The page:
Pat Day won the 1992 Kentucky Derby on Lil E. Tee.
LOUISVILLE, Ky. (AP) -- Hall of Fame jockey Pat Day is retiring, bringing to an end one of horse racing's best and most lucrative careers.
Day, who won the 1992 Kentucky Derby aboard Lil E. Tee, has 8,804 victories and is the career money leader with purses totaling $297,941,912.
His 32-year racing career comes to a close just months after he returned to racing following hip surgery.
Day's agent, Doc Danner, said the 51-year-old jockey will make an official announcement this morning at Churchill Downs.
Track spokesman John Asher confirmed a news conference was scheduled and said Day would discuss his future.
"He's just at a plateau in his life where the Lord's calling him off to do other things," Danner told The Associated Press.
Hip surgery recovery
Day made the decision while convalescing alone in a cabin along the Kentucky River this week, Danner said Wednesday.
Day's decision came after he missed his first Kentucky Derby in 21 years, then cut back on his riding schedule this winter and spring.
Fellow Hall of Fame jockey Jerry Bailey described Day as a "great rider, great human being."
Bailey, preparing to ride at Saratoga Race Course, said Day regularly helped younger riders with advice about racing as well as life.
"It didn't matter if it was a fast track or he was knee deep in mud, he'd come back and say, 'I love my job,' " Bailey said.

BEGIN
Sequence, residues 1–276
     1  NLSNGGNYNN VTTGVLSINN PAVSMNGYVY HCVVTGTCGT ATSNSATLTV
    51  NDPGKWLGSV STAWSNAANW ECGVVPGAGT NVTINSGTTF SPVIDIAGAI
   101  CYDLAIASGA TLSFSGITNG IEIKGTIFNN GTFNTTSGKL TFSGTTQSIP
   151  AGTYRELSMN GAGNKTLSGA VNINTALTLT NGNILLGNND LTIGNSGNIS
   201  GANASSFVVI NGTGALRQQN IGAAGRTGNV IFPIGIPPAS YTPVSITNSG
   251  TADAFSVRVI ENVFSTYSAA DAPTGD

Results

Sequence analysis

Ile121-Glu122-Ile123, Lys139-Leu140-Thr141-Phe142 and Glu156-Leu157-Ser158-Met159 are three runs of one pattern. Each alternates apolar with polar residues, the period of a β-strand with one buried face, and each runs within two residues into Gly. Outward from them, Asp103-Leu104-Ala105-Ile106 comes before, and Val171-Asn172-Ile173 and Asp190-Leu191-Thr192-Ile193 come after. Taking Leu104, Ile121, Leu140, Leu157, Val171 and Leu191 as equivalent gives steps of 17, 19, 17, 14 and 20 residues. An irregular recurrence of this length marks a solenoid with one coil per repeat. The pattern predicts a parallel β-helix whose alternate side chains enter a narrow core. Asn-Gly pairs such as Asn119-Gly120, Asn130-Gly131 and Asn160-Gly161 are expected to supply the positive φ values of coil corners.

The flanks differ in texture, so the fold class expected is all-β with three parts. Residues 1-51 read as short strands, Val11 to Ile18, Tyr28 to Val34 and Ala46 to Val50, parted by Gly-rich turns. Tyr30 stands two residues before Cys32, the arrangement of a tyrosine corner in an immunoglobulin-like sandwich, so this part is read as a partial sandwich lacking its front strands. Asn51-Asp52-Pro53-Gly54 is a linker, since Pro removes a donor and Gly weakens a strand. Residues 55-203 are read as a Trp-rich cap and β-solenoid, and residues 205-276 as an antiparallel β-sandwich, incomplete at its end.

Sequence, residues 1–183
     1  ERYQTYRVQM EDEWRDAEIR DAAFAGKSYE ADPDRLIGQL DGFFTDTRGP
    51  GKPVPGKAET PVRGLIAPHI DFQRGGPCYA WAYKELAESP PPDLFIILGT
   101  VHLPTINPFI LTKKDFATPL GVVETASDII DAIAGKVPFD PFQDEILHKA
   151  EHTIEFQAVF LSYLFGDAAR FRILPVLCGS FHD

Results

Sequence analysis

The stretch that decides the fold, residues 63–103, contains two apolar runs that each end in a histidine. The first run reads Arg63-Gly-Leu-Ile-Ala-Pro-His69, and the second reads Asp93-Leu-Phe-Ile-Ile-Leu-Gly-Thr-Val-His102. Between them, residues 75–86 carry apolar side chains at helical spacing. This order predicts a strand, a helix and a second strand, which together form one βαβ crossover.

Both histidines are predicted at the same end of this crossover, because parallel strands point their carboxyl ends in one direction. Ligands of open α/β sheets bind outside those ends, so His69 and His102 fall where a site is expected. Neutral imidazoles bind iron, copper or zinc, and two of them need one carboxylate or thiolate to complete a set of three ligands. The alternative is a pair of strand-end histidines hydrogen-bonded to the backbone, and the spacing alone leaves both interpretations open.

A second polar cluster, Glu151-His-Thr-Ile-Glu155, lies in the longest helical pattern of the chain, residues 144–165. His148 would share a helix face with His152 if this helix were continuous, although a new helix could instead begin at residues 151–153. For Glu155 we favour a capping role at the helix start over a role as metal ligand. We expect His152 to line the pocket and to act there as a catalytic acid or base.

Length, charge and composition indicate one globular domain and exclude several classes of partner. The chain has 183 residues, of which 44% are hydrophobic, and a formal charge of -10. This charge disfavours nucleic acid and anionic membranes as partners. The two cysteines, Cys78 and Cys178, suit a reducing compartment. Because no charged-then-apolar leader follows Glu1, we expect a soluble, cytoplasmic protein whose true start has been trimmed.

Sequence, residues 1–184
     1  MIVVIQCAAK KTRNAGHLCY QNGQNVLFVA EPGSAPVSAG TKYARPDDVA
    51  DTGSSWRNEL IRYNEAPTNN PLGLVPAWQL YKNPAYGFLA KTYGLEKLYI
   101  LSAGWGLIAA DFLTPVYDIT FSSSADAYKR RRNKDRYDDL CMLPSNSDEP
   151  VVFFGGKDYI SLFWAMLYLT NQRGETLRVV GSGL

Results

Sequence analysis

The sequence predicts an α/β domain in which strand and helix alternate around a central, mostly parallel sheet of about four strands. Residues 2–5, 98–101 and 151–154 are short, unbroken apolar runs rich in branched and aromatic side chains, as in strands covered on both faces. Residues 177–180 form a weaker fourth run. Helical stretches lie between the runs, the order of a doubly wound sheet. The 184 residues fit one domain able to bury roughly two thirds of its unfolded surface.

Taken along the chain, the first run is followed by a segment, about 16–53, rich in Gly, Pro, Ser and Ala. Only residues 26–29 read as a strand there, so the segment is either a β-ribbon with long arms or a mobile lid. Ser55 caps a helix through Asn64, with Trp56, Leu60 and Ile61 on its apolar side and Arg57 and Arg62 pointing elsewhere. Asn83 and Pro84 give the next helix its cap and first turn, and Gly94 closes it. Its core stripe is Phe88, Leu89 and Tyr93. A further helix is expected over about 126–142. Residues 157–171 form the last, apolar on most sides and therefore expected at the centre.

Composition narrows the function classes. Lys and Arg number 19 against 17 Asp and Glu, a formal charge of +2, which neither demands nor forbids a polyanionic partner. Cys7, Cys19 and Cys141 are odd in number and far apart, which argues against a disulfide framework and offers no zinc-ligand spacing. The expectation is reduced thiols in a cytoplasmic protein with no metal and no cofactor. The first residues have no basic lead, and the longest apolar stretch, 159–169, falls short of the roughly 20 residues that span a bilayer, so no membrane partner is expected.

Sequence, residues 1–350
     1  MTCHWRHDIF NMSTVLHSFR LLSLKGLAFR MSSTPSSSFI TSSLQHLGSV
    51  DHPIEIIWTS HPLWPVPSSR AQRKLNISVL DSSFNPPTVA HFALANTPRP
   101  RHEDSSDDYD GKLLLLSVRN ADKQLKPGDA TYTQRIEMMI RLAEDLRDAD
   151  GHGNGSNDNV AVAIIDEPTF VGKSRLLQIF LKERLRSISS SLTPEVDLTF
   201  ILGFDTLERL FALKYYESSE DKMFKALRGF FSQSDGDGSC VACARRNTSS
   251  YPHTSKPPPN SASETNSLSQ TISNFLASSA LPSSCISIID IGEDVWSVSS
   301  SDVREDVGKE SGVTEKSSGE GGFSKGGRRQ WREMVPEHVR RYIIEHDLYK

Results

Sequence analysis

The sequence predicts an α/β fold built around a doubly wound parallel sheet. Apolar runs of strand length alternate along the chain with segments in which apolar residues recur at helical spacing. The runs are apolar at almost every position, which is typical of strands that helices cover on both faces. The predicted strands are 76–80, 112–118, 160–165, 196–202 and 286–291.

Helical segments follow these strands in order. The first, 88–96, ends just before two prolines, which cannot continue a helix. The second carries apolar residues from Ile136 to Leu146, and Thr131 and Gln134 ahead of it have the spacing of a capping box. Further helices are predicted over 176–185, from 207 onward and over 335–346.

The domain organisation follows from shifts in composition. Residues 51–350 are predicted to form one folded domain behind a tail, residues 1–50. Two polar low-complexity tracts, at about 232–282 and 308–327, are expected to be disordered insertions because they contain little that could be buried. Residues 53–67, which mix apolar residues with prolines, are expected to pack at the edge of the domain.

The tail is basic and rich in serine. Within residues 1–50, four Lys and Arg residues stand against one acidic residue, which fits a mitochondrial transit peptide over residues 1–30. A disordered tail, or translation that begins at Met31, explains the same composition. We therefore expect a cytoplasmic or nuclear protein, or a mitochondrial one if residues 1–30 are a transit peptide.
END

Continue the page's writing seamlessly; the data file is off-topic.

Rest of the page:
"He would always bring us up, and in this game, it's not always easy to keep your chin up."
Day finished runner-up four times in the Derby.
He was elected to the Hall of Fame in 1991, and ranks fourth in career victories.
He won 23 races this spring at Churchill Downs, lifting his career total at the track to a record 2,481.
After surgery in March to replace torn cartilage, Day resumed racing in mid-May and earned his first stakes win about a month later, guiding Two Trail Sioux to a start-to-finish victory in the Grade II $330,000 Fleur de Lis.
His last race was the $1 million Delaware Handicap at Delaware Park on July 17.
Last summer, Day rode only weekends and select weekdays at Saratoga, using the rest of his time to raise money and awareness for the Race Track Chaplaincy program.